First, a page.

The mobile phone and the proliferation of cellspace offer the first insight into the possibilities smart mobbing will afford. As seen in the Philippines in 2001, at the World Trade Organisation demonstrations in Seattle, in 2000, and most recently in the protests in Madrid after the rail bombings (2004), living in cellspace allows the rapid coordination of large groups through the massive distributed sending of text messages. As in Manila and Madrid, within minutes tens of thousands of people can be on the streets, within days it can be millions.

Such massive cooperation has always been possible but there has simply never before been a means of communication that was as fast, cheap and widespread as the mobile phone. Rheingold notes that researchers at Xerox PARC studying the dynamics of social systems observed that a diversity of cooperation thresholds among a crowd can tip it into a sudden epidemic of cooperation. A minority of extremists might act first and, if conditions are right, their actions can trigger others who needed to see somebody else make the first move, at which point a cascade of others may take their cue. (2002: 174)

Of course sudden epidemics of cooperation are not always as positive as demonstrations against totalitarian regimes or the perpetration of seemingly unjust wars. The lynch mobs of the former Yugoslavia and the involvement of a large part of the population of Rwanda in the perpetration of atrocities are testament to this.

This ‘threshold’ model of cooperative behaviour helps explain the link between ‘intelligent’ cooperative behaviour and the emergent flocking and swarming behaviours of ‘unintelligent’ animals. Thresholds are individual reactions to the dynamics of groups. The key statistic is the proportion of other people who have to act before an individual decides to join them (Granovitter in Rheingold, 2002: 175).

It is worth noting that the cooperative behaviour exhibited en mass in Manila and elsewhere involved a fairly high level of initial motivation followed by a proactive use of mobile phones, fully exploiting cellspace. Part of the reason the smart mobs of Manila, Seattle and Madrid were able to function was that the technology had ceased being a novelty and had permeated their lives to the extent that extending oneself into cellspace was second nature.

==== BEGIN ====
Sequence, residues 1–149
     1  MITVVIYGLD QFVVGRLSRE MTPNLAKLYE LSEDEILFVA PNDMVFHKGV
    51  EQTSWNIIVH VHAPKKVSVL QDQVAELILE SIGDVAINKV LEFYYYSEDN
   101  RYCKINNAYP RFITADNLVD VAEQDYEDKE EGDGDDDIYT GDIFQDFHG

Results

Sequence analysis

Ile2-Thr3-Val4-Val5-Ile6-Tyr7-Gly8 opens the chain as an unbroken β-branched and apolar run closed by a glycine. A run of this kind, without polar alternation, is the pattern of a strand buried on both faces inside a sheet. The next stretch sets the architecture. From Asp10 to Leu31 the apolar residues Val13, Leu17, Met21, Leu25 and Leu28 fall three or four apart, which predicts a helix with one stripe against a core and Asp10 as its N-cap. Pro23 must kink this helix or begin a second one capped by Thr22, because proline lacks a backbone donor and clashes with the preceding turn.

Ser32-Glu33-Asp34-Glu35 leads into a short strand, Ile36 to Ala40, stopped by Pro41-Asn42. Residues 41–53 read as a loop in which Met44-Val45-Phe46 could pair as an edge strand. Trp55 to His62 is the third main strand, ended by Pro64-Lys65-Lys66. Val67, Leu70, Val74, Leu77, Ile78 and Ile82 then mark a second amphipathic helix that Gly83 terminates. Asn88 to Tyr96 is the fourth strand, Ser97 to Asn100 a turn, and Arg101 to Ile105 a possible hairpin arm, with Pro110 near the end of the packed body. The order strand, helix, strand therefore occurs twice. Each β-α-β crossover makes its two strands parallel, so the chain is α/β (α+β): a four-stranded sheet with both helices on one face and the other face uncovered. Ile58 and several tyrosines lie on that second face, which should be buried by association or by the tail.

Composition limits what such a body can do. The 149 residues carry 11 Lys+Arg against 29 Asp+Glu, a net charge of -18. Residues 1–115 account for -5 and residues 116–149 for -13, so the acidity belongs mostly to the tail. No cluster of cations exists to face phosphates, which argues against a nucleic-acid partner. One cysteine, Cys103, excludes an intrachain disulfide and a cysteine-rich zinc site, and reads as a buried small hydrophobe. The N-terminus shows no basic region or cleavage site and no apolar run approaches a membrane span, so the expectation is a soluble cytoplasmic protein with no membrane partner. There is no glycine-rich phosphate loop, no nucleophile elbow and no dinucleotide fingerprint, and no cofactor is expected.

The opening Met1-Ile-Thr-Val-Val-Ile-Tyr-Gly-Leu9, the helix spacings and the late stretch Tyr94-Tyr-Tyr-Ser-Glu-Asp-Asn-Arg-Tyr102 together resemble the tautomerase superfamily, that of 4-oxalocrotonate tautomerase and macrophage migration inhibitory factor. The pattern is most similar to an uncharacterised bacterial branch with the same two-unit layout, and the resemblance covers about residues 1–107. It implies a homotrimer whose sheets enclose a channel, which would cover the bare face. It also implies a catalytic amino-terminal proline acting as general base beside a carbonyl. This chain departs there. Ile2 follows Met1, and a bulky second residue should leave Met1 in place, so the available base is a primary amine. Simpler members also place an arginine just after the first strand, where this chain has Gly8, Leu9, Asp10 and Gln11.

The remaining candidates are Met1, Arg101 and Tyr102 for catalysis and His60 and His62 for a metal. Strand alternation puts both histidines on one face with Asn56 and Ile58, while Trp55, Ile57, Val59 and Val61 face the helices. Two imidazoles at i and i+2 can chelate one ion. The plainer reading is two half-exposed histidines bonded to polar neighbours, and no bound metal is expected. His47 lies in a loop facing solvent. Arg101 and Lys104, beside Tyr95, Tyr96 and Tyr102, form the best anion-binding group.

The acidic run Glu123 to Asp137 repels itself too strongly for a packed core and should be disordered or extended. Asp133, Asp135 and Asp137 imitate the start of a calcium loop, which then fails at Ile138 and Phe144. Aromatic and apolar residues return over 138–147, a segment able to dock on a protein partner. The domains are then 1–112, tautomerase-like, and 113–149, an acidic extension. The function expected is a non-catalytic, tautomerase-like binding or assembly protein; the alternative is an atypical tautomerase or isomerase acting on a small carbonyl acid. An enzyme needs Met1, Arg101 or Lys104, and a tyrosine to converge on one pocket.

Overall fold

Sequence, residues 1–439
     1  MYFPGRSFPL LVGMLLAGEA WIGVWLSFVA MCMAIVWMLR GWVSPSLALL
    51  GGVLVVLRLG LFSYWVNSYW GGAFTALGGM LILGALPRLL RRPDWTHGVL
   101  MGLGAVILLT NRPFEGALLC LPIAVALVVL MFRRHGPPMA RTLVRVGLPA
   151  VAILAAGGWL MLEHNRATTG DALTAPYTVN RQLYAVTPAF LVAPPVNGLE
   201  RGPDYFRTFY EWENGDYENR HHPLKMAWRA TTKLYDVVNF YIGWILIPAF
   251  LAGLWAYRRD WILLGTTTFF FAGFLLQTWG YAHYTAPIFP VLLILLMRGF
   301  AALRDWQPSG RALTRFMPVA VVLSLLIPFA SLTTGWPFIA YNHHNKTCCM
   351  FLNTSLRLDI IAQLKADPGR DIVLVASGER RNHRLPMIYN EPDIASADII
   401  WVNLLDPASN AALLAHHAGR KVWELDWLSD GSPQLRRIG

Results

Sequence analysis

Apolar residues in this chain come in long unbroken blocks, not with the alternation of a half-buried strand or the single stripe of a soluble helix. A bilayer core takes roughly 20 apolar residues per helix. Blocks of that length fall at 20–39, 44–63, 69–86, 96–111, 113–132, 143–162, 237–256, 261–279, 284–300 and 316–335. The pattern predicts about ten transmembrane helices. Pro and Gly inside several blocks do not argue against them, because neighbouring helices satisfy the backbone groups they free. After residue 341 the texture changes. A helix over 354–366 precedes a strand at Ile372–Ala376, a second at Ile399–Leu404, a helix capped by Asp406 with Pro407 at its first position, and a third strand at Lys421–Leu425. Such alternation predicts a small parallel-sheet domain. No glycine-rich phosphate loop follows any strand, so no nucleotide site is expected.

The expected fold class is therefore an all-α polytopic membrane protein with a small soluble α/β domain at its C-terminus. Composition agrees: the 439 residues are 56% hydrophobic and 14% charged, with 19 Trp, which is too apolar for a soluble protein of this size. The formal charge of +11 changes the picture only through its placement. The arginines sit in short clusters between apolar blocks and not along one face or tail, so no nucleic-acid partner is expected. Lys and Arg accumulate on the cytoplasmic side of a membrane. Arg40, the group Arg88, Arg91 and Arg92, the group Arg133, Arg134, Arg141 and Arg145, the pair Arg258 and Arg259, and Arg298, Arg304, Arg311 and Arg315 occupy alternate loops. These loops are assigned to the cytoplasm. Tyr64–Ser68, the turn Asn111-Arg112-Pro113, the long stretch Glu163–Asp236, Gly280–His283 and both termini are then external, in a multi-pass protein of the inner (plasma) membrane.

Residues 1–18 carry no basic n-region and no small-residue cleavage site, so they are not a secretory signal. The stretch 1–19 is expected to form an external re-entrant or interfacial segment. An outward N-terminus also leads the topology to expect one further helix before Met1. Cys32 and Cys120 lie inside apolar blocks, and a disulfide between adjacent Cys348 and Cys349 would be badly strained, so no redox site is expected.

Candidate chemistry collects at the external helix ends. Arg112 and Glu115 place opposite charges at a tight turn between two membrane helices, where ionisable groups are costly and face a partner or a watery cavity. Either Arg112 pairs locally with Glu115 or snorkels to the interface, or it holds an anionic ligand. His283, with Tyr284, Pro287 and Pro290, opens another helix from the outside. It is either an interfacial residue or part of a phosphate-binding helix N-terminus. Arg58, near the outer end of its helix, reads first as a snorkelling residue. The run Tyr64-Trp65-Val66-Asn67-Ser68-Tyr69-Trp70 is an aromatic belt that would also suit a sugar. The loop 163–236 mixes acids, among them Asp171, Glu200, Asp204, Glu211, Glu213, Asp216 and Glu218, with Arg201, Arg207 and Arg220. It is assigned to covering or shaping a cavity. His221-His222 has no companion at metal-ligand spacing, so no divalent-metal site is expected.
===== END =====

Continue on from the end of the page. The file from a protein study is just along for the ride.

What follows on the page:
As mentioned throughout this chapter a variety of technologies now allow devices to intercommunicate and form ad hoc networks. It is this facility of new technologies that will aid social cooperation on a broader everyday level. When interacting with co-present others in everyday spaces people are not united in clear common goals. This is where smart mob technologies promise extraordinary change. Already used to carrying mobile phones, it is likely we will readily accept their successors, often dubbed ‘smart phones’, that will provide a persistent mediation of our surroundings. Location-based technologies will provide us with information about our immediate surroundings and mobile ad hoc peer-to-peer technologies will provide us with information about the people we come in to contact with. Coupled with this we shall never be without the facility to communicate with the rest of the planet using voice communications or the mobile Internet.

There are a variety of services worldwide that are beginning to offer users the ability to explore new ways of interacting with their environments and other people within their vicinity. Commercial applications such as Dodgeball, ImaHima, Lovegety Mogi, and Node Explore already facilitate smart mob behaviours. They allow users to ascertain information about their location, beyond what is available to them simply in actuality, and allow them to make links with people they would otherwise never be aware of, managing trust and reputation issues along the way.

With many political issues, such as privacy, international monopolies and freedom of speech, the nature of smart mobs remains uncertain, as Rheingold says: ‘Technologies of cooperation or the ultimate disinfotainment apparatus? The next several years are a crucial and unusually malleable interregnum.’ (2002: 215) What we know about the new technologies, how we use them and how we let them be used on society is sure to have implications on how we live and particularly on our social navigation of public space.

Posted by Sam at April 23, 2004 11:55 AM

2.4 Reputation as Your Passport

Reputation is an important factor in our social navigation. When deciding where we consume goods from and which information sources we trust we are faced with trial and error situations. If we have a trusted friend, who can provide advice on where to buy particular goods or services or which newspaper or website to read, we can forego some of our social games and act according to another’s experience.

[Please refer to my Bibliography for the sources of quotes.]